The British Raj: though their position seems secure, thoughtful English men and women know that "their" time in India is coming to an end. The story begins with an unjust arrest for rape, ... See full summary »
Lonely teenager Marc is secretly in love with Olaf, the cool boy-next-door. He dreams about a relationship with him, and when the two go camping, this dream seems to become reality for Marc... See full summary »
Nick Guest comes to London to live with his college friend's family, the Feddens. A short stay becomes permanent, and Nick positions himself in the family's plentiful lives of parties and politics during the Thatcher years. Over the course of three episodes spanning four years in the mid-eighties, we follow Nick's two homosexual love affairs in a time of promiscuity and carelessness, until the AIDS crisis and a bout of scandal threaten life as he has come to know it.Written by
Peter Brandt Nielsen
The title refers to a feature of architecture, a concave shape combined with a convex shape, known as an ogee. "Ogee" is also the name of the magazine that Nick and Wani publish in the series. See more »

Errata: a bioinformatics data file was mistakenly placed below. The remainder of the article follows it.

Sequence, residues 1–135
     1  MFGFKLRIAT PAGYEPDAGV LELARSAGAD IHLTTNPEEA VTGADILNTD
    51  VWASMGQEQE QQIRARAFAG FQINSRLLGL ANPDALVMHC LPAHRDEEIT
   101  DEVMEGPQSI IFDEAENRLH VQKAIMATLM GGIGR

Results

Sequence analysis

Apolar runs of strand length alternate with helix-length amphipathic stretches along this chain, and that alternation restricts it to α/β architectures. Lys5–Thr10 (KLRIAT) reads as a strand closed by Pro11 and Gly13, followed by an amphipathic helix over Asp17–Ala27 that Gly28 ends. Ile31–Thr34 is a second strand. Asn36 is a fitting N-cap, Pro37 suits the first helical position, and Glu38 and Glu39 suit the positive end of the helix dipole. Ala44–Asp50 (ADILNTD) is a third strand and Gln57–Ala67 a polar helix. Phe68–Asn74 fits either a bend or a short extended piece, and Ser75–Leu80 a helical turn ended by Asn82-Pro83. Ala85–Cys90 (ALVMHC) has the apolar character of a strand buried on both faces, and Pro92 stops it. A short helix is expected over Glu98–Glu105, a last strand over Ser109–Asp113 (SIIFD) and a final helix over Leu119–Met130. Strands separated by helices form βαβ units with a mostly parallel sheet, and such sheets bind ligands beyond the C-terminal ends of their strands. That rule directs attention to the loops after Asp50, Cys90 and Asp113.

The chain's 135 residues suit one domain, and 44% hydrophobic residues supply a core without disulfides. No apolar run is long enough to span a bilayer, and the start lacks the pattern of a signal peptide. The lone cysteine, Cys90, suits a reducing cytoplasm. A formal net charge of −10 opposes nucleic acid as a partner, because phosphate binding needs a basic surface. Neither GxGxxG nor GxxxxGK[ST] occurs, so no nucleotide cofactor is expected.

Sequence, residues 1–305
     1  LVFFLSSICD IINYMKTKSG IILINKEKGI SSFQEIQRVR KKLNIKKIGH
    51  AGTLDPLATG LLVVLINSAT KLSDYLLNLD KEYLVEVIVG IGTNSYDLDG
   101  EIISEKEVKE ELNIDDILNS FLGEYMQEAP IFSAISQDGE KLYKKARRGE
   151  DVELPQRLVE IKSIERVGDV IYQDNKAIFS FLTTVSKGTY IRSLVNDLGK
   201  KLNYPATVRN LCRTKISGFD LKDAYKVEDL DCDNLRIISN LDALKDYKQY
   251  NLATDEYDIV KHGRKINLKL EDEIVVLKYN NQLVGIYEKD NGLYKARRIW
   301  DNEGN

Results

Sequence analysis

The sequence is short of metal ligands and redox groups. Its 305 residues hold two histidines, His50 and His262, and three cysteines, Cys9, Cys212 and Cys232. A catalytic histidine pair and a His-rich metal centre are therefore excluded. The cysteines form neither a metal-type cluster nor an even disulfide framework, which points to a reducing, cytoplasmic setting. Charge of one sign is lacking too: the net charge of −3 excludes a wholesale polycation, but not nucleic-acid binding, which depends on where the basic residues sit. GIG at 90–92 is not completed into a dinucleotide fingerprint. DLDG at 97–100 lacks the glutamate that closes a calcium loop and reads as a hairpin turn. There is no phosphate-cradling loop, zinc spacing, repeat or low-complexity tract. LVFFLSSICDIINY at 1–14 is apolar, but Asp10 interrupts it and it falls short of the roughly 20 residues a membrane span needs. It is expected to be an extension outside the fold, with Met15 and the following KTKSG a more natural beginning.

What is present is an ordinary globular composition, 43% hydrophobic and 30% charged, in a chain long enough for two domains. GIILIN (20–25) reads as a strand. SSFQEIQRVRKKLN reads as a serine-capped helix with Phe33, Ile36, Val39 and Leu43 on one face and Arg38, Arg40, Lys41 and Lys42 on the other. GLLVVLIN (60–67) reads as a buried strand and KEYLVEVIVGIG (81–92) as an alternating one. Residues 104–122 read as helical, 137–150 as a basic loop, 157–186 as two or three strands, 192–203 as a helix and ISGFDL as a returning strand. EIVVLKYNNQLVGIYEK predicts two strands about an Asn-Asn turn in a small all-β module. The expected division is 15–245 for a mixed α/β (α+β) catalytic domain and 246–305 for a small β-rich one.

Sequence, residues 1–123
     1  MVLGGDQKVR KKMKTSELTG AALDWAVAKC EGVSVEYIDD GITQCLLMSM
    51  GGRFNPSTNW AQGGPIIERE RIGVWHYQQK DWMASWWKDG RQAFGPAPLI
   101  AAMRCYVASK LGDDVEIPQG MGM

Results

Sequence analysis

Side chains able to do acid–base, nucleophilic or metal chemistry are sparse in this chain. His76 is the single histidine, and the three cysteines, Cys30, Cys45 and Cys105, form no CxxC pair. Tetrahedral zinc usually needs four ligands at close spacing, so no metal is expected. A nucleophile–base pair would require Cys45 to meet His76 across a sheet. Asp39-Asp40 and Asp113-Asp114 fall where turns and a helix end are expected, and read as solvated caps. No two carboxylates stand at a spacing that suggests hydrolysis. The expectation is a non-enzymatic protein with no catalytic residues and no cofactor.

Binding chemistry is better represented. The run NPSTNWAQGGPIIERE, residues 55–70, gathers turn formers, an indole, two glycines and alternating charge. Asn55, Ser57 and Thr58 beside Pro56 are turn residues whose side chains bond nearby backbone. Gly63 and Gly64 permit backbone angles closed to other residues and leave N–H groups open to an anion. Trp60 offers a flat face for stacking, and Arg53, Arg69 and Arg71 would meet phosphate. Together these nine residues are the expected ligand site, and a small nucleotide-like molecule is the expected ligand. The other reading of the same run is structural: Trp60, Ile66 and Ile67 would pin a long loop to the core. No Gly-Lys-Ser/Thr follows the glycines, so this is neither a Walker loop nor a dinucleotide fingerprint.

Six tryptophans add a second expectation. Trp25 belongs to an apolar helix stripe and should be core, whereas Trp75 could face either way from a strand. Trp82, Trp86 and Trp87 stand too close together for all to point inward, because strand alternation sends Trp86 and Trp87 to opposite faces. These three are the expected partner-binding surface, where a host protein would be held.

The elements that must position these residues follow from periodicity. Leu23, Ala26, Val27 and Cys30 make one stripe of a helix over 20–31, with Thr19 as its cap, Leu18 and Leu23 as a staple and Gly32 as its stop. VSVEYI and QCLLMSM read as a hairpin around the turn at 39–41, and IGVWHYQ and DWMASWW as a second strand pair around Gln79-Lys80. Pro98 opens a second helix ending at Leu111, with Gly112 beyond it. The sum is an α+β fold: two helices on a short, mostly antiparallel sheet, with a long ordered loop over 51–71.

Alan Hollinghurst's 'The Line of Beauty' is, at least in this adaptation, a version of 'The Great Gatsby' fitted to 1980s Britain, the story of a young man from an ordinary background who mistakenly harbours too many illusions about the beautiful people of the smart set. The story lacks the utter poignancy of Fitzgerald's book because the hero (who, co-incidentally or not, shares the name of Nick with the other novel's protagonist) only rejects his adopted world when it rejects him; But the screenplay, cinematography, and performances are all first rate, especially that of Tim McInerny, playing a MP whose ultimate ruthlessness, self-righteousness, and rottenness, is hidden beneath a layer of almost genuine charm and kindness. The political overtones of the story are somewhat lost in a treatment that dwells almost exclusively inside the gilded balloon, and all of the characters could be handled less sympathetically with some justification, but the indulgent early mood reaps final reward when things go sour. Screenwriter Andrew Davies made his name with the contemporary series 'A Very Peculiar Practice', but these days seems to concentrate largely on period drama. This aberration proves itself welcome, and leaves one hopeful of more to come.
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